P.S. You may know Crashlytics from controversies such as the debate over how to replace UDIDs on iOS devices. The company came in with its own solution called SecureUDID, that gives developers an identification scheme that won’t violate Apple’s new policies. Apple is deprecating an older identification scheme called UDIDs amid privacy concerns.

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The startups that presented at Y Combinator’s Demo Day last week were remarkable in their own right, but perhaps the most striking thing was the sheer number of them.

With 66 companies and 180 founders in this season’s batch, the auditorium at Mountain View’s Computer History Museum was practically bursting with angel investors and reps from every notable venture firm last week. And that was just the latest class. Since 2005, Y Combinator has since spawned more than a dozen batches of startups including Dropbox and Airbnb. The last two classes alone have created more than 120 companies.

So it raises the question of how Y Combinator has been able to grow in size while sustaining both the quality of startups it churns out and the value it provides for founders.

Essentially, how do you scale a company that creates companies?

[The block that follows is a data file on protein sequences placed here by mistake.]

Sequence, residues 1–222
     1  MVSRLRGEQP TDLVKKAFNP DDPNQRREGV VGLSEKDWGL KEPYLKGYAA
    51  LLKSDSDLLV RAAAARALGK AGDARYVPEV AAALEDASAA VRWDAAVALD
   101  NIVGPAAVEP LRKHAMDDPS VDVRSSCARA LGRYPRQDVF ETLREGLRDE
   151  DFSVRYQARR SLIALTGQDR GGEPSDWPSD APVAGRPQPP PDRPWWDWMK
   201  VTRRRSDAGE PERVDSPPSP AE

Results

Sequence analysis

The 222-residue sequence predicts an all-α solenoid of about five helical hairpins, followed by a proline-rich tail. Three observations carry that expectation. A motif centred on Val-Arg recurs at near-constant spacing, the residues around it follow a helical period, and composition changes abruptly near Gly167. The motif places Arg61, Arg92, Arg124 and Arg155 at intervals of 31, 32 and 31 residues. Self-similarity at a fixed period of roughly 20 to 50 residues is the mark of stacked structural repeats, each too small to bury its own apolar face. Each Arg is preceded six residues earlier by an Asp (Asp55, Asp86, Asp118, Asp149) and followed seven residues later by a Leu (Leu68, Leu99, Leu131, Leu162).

The Strategy and Vision

“Our whole approach to scaling Y Combinator is the standard approach to scaling software,” said Paul Graham, Y Combinator’s co-founder.

There are a couple rules, he said. 1) You can’t predict in advance where the bottlenecks will be so you just keep going until you hit the next one and 2) You can always scale a lot more than you originally predicted. ”When you scale things, they often turn into other stuff that you would have never imagined,” he said.

Graham doesn’t have an exact size in mind when accepting companies for a new class. The early-stage venture firm accepts as many companies as the team thinks are worthy. Nor does Graham know how large Y Combinator should ultimately be.

“Imagine if you had asked Mark Zuckerberg that question when Facebook had just two universities,” Graham said. “A lot of what drives us is curiosity about what happens when something like this gets bigger.”

Indeed, some of the other partners liken working at Y Combinator to building a university or a new type of institution that’s never been seen before.

“If you think of YC as a corporation or a company, it has these characteristics that every big company would love to have,” said Harj Taggar, an alum who later became a YC venture partner. “It’s a bunch of smart people working on projects that they love and have upside in. But they are all linked together and get the benefits of being a part of a larger group. YC is effectively inventing a new form of organization.”

Given the scale of Graham’s ambition (which shouldn’t be surprising since he tells founders to have “frighteningly ambitious” startup ideas), we walked through some of the many bottlenecks YC has faced through the years:

Applications:

Y Combinator’s increasing cachet has brought a ballooning number of applications. Last October, Graham said that the firm was seeing about one submission per minute on deadline day for the most recent class.